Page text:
Creating a home shrine is not difficult. The altar should be close to the floor if you plan to use it for puja and/or meditation. However when there are small children in the home it is often best to have it higher and out of reach.
For a Ganesha shrine, an image, or murti, of Lord Ganesha is placed at the center of the altar. A metal or stone image is best, but if not available there are two traditional alternatives:
- A framed picture, preferably with a sheet of copper on the back.
- A kumbha, which is a symbol of Ganesha made by placing a coconut on a brass pot of water with five mango leaves inserted between the coconut and the pot. The coconut should be husked but still have the fibers on the top.
Bathing the God’s image (murti) is a part of a puja and other ceremonies. For this, special arrangements may need to be made. Most simply, the murti may be placed in a deep tray to catch the water. After the bath, the tray is removed and the murti dried off, and then dressed and decorated.
Various items for the altar can include:
- Water cups and a small spoon for offering water
- A brass vessel of unbroken, uncooked rice mixed with enough turmeric to turn the rice yellow
- A tray or basket of freshly picked flowers (without stems) or loose flower petals
- A lamp
- Small metal bell
- Incense burner and a few sticks of incense
- Fresh fruit
Borrowed from The Prosperity Project
Fill a small bottle with equal parts of the following essential oils:
Add a few drops of Gardenia essential oil.
Consider all obstacles in your way being removed from your path as you blend this oil, and invoke Ganesha, the remover of obstacles to give his blessings to your blend so that it may be the best oil you use to open all roads to success.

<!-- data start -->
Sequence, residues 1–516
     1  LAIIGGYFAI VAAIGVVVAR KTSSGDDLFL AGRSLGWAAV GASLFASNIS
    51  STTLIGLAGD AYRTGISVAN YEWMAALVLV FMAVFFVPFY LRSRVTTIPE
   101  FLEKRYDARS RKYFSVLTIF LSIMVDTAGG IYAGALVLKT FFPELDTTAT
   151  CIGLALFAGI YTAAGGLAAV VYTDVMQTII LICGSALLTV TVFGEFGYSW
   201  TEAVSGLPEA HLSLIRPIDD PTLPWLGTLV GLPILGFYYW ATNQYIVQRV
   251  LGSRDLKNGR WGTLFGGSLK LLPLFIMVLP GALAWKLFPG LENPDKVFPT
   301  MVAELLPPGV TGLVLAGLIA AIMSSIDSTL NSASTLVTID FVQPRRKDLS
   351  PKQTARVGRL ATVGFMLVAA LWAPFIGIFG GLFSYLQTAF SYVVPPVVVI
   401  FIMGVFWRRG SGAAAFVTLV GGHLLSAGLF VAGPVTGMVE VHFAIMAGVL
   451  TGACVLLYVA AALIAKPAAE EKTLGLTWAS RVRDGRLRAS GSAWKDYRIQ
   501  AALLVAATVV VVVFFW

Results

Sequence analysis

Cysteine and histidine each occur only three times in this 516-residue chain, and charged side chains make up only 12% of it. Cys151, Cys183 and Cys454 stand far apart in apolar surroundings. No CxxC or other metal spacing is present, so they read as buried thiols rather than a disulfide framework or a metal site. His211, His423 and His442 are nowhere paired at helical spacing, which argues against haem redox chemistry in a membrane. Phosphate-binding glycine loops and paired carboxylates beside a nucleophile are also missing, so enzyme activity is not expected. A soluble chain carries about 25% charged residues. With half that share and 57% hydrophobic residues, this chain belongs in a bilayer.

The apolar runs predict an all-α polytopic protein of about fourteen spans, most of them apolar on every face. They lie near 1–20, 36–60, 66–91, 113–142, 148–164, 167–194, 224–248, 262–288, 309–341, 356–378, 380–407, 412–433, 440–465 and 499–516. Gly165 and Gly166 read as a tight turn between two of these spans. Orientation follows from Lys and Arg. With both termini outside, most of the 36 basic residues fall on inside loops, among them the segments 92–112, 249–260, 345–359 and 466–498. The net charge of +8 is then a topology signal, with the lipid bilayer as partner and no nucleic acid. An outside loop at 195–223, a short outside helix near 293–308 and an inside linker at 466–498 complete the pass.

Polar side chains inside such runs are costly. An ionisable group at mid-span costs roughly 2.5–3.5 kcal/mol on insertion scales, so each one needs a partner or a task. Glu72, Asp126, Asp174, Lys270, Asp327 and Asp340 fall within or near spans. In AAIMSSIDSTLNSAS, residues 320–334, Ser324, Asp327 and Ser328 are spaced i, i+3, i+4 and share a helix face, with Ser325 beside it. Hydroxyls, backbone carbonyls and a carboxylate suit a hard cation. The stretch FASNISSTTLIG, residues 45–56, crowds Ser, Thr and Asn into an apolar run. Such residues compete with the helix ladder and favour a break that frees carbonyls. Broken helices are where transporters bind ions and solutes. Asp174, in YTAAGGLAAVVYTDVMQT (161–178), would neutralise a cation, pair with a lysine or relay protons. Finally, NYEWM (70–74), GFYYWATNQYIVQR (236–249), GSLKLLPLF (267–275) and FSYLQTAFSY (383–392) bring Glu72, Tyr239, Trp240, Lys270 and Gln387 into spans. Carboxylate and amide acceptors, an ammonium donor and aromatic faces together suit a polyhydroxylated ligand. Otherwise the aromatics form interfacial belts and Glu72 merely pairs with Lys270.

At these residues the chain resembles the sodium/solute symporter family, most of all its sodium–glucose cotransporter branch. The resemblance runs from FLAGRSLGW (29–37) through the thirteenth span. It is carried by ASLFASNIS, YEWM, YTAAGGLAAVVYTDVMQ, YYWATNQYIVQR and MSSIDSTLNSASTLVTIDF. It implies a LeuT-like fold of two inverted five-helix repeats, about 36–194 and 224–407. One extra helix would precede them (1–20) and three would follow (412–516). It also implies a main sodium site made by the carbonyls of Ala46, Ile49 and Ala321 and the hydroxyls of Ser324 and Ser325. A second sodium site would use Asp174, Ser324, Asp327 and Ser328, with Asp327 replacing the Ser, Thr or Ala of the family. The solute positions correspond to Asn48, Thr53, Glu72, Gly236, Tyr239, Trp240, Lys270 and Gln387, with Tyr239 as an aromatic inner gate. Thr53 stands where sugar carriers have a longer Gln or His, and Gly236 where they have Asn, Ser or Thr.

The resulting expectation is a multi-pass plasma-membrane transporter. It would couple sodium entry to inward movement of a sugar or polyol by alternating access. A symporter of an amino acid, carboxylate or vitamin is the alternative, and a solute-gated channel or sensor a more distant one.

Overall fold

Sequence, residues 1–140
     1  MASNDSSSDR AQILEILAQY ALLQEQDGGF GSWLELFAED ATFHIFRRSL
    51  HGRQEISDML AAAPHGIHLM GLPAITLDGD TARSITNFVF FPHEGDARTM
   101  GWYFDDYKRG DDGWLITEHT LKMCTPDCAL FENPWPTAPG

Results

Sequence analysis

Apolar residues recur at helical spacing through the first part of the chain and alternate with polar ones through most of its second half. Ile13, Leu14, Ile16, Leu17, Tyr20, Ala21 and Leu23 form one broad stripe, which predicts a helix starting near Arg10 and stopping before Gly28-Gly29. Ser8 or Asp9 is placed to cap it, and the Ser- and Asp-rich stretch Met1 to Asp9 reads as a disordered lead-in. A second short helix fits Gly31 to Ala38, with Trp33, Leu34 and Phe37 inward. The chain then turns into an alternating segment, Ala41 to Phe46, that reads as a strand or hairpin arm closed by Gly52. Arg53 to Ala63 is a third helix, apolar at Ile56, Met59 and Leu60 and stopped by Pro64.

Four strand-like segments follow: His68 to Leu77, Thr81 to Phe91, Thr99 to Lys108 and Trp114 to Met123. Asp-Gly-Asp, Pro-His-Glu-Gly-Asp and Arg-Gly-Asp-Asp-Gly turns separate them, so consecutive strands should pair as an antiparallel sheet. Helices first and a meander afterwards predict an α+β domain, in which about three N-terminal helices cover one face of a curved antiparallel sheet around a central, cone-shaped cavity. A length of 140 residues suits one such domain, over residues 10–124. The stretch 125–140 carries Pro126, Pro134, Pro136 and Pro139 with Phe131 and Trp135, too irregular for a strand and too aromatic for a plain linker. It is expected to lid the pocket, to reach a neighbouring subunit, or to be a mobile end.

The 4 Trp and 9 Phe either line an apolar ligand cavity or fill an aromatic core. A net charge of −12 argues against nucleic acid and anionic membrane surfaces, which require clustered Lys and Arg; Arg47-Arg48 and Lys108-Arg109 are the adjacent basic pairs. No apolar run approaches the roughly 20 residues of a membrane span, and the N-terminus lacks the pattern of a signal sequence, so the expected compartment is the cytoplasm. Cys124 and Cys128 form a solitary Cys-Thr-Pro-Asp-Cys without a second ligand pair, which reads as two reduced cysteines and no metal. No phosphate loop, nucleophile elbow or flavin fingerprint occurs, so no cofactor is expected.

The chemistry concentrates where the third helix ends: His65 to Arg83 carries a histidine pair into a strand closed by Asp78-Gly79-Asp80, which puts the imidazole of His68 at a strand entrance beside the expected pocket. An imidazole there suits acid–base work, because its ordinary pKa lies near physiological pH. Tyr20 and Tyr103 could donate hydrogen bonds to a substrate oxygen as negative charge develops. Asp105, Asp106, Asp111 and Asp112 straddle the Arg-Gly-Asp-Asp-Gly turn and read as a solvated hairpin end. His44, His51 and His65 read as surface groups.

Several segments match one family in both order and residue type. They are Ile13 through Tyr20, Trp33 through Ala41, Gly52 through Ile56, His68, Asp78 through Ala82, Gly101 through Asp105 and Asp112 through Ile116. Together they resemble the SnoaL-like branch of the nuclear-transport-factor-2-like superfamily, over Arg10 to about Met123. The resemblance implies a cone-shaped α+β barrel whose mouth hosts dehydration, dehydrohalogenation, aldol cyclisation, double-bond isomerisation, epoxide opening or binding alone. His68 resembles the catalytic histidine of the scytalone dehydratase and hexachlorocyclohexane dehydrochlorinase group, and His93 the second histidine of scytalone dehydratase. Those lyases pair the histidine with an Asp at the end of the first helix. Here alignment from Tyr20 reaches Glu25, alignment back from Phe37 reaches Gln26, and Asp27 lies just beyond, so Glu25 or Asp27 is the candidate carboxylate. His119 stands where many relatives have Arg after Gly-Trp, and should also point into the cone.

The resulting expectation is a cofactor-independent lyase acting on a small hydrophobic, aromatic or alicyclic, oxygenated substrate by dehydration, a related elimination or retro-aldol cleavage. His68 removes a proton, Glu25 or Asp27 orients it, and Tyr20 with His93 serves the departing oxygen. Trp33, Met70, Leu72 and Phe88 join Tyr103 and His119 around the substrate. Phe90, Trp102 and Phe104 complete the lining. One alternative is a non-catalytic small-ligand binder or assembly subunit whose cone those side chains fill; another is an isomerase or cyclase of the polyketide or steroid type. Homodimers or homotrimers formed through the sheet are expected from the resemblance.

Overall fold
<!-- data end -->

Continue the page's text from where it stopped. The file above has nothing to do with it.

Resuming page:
You can use Ganesha Road Opener Oil in a variety of ways. It can be worn on the body, dabbed into the bath, anointed on important documents, dropped in the heel of your shoe, dabbed on charms and talismans, rubbed on the front door, burned in a diffuser or simply worn during prayer or meditation. You may also petition Ganesha by placing out sweets, fresh flowers and a bowl of water with a bit of this oil blend mixed in.
This oil blend should be a basic staple in your collection, and I strongly suggest you keep it on hand to be used whenever needed. Anytime you must clear your way through physical obstacles, this is the oil for the job. Add Road Opener to any magick or impossible task you wish to accomplish.
Add this oil to liquid body soap, and every time you wash your hands, you will be imbuing them with the power to open roads in all that they encounter. Writing letters, doing chores and being involved in all manner of communications – we use our hands one way or another.
Adapted from a recipe in the Enchanted Formulary
The following recipe will make approximately 20 lime-sized modakas, a treat for the children, and a traditional offering to Lord Ganesha. It takes about two hours to make them.
Ingredients and Utensils:
- 1 lb rice flour
- 2 cups jaggery (or 2 cups brown sugar with 4 tbsp dark molasses added)
- 2 cups raw sesame seeds
- 2 grated coconuts (optional)
- 2 cups melted ghee (melted butter will also work)
- 1 tsp salt
- Banana leaf or waxed paper
- A flour sifter or fine sieve
- An iddli or vegetable steamer